Warren Gatland is the wild card in this weekend's test in
Cardiff - the All Blacks obviously wary of the profound impact
the returning Welsh coach is likely to have.
Wales are in a dark place. They have been ravaged by injury
and had chunks taken out of them not only by the Samoans but
also a visceral public and a savage crew of former legends.
The national side have endured five consecutive defeats and
the mood in Wales is moribund. The professional clubs are all
but broke and the star men are leaving in their droves -
giant centre Jamie Roberts the latest to reject a contract
with Cardiff as he eyes a new life in Paris.
There isn't a magic button to press and fix things quickly,
but Gatland, who has not officially been coach since July as
he's on secondment as British Lions supremo, will fancy he
can at least slap a giant plaster on things and get a better
performance out of his beleaguered troops.
He returned, as was always planned, to the helm this week.
The lure of the All Blacks was too hard to resist and,
besides, this is the game Wales have been targeting, the one
that will define their November series.
A nation is holding its breath, believing, much as they used
to in another New Zealander, Graham Henry, that the
impossible is possible, that a broken scrum can be repaired,
a misfiring attack can be redirected and a defensive line
tightened and quickened.
The All Blacks are obviously wary. Knowing Gatland as they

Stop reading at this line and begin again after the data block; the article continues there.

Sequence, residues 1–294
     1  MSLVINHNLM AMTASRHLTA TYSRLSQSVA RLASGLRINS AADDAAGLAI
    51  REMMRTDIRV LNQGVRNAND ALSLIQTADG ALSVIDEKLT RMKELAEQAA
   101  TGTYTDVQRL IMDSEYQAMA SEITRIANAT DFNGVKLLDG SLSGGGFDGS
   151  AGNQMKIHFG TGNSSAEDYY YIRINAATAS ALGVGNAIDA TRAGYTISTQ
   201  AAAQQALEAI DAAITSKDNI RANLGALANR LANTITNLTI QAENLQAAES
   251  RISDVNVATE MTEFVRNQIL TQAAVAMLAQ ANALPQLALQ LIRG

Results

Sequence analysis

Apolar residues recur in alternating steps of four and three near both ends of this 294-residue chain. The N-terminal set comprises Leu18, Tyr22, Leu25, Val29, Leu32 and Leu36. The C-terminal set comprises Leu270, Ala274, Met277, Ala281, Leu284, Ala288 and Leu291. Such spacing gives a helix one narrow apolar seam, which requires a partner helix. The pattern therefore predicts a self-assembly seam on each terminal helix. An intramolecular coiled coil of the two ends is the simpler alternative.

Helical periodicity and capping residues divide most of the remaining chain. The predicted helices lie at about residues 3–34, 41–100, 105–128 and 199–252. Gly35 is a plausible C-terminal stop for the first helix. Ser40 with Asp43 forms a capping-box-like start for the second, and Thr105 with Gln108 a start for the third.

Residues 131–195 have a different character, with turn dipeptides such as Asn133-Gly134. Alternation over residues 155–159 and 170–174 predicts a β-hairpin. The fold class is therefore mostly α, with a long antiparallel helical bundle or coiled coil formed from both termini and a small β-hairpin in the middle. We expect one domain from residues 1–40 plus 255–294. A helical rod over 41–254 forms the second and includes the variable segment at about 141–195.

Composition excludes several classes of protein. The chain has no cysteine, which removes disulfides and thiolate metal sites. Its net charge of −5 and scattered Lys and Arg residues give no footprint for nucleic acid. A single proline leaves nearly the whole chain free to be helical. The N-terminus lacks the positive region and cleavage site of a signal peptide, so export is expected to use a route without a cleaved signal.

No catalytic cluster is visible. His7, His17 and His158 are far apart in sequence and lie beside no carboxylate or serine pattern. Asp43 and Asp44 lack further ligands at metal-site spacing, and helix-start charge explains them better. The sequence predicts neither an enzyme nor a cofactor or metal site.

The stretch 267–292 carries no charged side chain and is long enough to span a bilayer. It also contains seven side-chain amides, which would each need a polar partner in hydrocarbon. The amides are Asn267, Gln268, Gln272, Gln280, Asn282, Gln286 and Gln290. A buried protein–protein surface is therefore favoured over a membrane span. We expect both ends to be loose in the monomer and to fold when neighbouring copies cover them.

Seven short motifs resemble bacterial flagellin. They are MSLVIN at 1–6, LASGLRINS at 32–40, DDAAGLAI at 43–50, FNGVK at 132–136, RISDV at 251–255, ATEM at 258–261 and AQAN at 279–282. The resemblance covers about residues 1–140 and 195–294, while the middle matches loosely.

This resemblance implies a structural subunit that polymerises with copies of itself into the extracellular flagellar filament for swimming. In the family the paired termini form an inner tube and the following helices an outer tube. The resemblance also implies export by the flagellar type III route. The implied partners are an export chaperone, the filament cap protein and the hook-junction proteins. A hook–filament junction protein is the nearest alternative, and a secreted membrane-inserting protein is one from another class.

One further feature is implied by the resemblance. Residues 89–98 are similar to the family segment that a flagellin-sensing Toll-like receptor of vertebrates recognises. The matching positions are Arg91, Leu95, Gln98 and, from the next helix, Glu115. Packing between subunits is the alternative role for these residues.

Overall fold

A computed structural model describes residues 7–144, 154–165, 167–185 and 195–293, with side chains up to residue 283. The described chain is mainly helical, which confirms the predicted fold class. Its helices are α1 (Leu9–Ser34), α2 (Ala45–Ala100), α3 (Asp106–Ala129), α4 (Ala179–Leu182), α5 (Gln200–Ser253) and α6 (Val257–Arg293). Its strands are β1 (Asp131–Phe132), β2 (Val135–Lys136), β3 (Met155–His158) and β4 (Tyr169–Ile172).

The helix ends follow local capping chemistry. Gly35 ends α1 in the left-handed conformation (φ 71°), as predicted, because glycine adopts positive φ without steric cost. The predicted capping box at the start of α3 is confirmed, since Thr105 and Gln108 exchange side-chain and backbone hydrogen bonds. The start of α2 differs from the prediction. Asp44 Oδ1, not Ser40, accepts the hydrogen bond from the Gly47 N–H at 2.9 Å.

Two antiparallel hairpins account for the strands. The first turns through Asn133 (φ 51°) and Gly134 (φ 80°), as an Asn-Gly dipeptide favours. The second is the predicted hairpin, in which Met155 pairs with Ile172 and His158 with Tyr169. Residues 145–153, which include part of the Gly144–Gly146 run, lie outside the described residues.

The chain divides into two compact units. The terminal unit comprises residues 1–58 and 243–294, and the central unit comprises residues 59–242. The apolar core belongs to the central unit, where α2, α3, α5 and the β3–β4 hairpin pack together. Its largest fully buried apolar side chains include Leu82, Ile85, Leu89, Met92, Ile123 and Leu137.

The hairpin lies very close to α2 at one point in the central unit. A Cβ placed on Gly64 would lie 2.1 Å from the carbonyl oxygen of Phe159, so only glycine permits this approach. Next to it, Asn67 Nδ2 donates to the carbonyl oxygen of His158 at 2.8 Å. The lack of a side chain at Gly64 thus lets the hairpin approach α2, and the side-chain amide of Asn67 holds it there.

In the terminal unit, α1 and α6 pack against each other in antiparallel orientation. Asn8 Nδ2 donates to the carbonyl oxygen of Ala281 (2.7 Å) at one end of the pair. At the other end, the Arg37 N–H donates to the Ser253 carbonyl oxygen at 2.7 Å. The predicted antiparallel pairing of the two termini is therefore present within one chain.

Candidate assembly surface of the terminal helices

do, they sense he can nudge something extra out of Wales. All
Blacks assistant coach Ian Foster is especially wary. Having
worked with Gatland for two years at the Chiefs, he knows his
former assistant's methods.
Wales were Grand Slam winners this year, World Cup
semifinalists last year and it doesn't feel right they are in
such a pickle. Foster, for one, isn't buying it.
"We have kept an eye on their last two games and they have
not played as well as they would have wanted - obviously," he
said. "But all that has done is highlighted that it is a game
you have to turn up prepared for week in, week out and, quite
frankly, we have talked about us building through this tour
and making sure we prepare well because, if you don't prepare
well, if you don't do Sunday to Friday well, then you can get
bitten on Saturday.
"We expect a very physical team. They carry hard, they like
the breakdown and they like to play lots of phases, lots of
continuity and they like to defend with a bit of linespeed.
Knowing that doesn't make it any easier [to play them]."
Wales lacked intensity in their previous two tests. Gatland
should instil that.
Wales lacked clarity in their gameplan. Gatland will simplify
the strategy and remove ambiguity.
Wales lacked a bit of passion and belief. Gatland's return
will bring that as, much like Henry, he carries a respect and
aura among the players that puts them on edge.
And if the prospect of all that doesn't keep the All Blacks
focused, then Andrew Hore, a veteran of four previous clashes
in Cardiff, can sound a warning.
"One of the last times we were here we thought we had the
game won and then Jimmy Cowan threw an intercept pass and
they almost scored and got a draw."
- Gregor Paul